Top Historic Sights in Catania, Italy

Explore the historic highlights of Catania

Palazzo degli Elefanti

Palazzo degli Elefanti ('Elephants Palace') currently houses the Town Hall of Catania. The palace, located on the northern side of the Cathedral square, was begun in 1696 after the devastating earthquake of 1693, its original designed having been commissioned to Giovan Battista Longobardo. The eastern, southern, and western façades were however designed at a later stage by Giovan Battista Vaccarini, while th ...
Founded: 1696 | Location: Catania, Italy

Terme Achilliane

The 'Achillian' Baths are numbered amongst the principal public bathing establishments of Roman date which survive in Catania, alongside the Terme dell"Indirizzo and the Terme della Rotonda, and constitute a mysterious and highly suggestive place. They are located beneath the Piazza Duomo and may be reached through a narrow underground passage next to the principal façade of the Cathedral. The name derive ...
Founded: 2nd century AD | Location: Catania, Italy

Catania Cathedral

Catania Cathedral has been destroyed and rebuilt several times because of earthquakes and eruptions of the nearby Mount Etna. It was originally constructed in 1078-1093, on the ruins of the ancient Roman Achillean Baths, by order of Roger I of Sicily, who had conquered the city from the Islamic emirate of Sicily. At the time it had the appearance of a fortified church. In 1169 it was almost entirely destroyed by an eart ...
Founded: 1711 | Location: Catania, Italy

University of Catania

The University of Catania is the oldest university in Sicily and the 13th oldest in Italy. The university was founded by King Alfonso V of Aragon (who was also King Alfonso I of Sicily) on 19 October 1434. Alfonso V with this gesture wanted to compensate the city (in which there had been recently established the Royal Court) for moving the Sicilian capital from Catania to Palermo. The activity of the Atheneum actually st ...
Founded: 1434 | Location: Catania, Italy

Basilica della Collegiata

The Basilica della Collegiata was built in the early 18th century, after the earthquake of 1693 that had destroyed most of the city. The design of the church is attributed to Angelo Italia (1628–1700), who changed the orientation of the previous edifice destroyed by the earthquake, in order to have it facing the new via Uzeda (current Etnea Street) according to the rebuilding plan of the city. The façade, design ...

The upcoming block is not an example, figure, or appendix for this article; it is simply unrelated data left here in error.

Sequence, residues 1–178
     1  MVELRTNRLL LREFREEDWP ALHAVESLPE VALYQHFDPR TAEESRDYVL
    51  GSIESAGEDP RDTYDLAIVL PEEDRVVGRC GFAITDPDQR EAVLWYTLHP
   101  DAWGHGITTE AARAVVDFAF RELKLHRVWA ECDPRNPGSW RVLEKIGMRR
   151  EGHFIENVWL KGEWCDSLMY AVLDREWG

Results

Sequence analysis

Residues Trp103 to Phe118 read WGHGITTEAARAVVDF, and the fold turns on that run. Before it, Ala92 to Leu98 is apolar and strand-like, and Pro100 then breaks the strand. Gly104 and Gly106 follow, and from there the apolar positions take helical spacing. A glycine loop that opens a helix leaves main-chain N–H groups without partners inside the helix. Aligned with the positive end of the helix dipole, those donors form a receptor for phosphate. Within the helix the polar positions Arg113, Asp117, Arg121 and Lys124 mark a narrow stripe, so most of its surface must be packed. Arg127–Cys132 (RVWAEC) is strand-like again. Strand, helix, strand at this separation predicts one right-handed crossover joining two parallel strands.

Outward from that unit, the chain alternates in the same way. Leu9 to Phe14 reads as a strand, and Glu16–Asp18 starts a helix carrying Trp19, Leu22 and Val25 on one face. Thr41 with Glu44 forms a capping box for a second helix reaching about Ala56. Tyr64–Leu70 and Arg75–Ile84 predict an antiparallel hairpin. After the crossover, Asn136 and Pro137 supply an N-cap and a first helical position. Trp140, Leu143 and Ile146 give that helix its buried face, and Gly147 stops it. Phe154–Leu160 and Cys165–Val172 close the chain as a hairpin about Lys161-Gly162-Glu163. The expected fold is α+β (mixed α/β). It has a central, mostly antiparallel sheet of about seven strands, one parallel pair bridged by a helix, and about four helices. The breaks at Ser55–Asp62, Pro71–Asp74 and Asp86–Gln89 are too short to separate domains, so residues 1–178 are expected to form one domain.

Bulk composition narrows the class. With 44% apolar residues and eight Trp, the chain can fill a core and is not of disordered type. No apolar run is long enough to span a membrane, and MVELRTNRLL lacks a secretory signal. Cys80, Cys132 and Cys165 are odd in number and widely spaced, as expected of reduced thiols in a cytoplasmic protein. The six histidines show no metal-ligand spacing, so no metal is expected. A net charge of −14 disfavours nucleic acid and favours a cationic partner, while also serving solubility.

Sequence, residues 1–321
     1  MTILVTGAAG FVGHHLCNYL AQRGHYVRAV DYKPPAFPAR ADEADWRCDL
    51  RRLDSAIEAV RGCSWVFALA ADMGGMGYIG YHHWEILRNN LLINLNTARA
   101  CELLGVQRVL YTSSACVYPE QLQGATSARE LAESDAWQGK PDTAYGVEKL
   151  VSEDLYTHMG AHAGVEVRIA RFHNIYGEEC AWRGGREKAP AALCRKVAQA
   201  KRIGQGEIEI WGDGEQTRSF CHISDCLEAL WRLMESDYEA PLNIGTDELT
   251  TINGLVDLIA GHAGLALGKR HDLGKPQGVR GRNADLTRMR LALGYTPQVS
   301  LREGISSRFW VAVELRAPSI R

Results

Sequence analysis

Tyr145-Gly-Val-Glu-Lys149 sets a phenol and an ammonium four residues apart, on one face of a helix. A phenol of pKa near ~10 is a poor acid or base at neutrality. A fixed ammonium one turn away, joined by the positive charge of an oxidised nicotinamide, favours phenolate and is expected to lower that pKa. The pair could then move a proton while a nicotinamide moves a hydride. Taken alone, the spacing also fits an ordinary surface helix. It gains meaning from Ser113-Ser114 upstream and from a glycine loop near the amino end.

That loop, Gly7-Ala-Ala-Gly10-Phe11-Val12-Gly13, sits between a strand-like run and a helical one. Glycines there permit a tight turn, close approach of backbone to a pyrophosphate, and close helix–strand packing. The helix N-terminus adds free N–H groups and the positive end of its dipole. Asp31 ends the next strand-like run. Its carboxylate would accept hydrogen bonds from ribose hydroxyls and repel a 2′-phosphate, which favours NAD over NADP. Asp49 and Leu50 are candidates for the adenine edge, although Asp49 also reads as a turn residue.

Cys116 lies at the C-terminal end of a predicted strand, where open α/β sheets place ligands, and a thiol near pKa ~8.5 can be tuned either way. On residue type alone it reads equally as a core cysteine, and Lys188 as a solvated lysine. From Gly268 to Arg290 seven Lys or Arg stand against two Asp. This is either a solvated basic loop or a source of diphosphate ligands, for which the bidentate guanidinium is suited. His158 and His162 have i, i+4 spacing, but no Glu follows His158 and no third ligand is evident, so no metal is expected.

Founded: 1768 | Location: Catania, Italy

Roman Amphitheatre of Catania

The amphitheatre of Catania is the most complicated and largest of all the amphitheatres in Sicily. It was built in the Roman Imperial period, probably in the 2nd century AD, on the northern edge of the ancient city at the base of the Montevergine hill. Only a small section of the structure is now visible, below ground level, to the north of Piazza Stesicoro. The external diameter was 125 x 105 metres, while the external ...
Founded: 2nd century AD | Location: Catania, Italy

San Benedetto Church

Dedicated to St. Benedict of Nursia, the church of San Benedetto was built from April 1334, then it was destroyed by 1693 Sicily earthquake. The church and the monastery were rebuilt between 1708 and 1763 and Giovanni Battista Vaccarini was one of the main architects. The church was also damaged by bombing in World War II and later restored by the architect Armand Dillon. Its most famous feature is the Angel"s Stai ...
Founded: 1708-1763 | Location: Catania, Italy

Teatro Massimo Bellini

The Teatro Massimo Bellini is an opera house in Catania. Named after the local-born composer Vincenzo Bellini, it was inaugurated in 1890 with a performance of the composer"s masterwork, Norma.  The exterior of the house matches the distinctive Sicilian Baroque style of the neighboring buildings of the late 17th Century. Its marble foyer, the “Ridotto”, is ornate and stuccoed, and a statue of Bellini is locat ...
Founded: 1890 | Location: Catania, Italy

The Roman Theatre of Catania

The Roman Theatre of Catania was built in the 1st and 2nd centuries AD to the remains of earlier Greek theatre. It had seats for 7000 visitors.
Founded: 1st century AD | Location: Catania, Italy

Monastery of San Nicolò l'Arena

The Benedictine Monastery of San Nicolò l"Arena in Catania, Sicily, is one of the largest monasteries in Europe and the second biggest Benedictine monastery in Europe. The monastery was founded in 1558 and today it hosts the Department of Humanities of the University of Catania. The monastery complex is located in the historical centre of the city of Catania, with the church of San Nicolò l"Arena. It shows a ...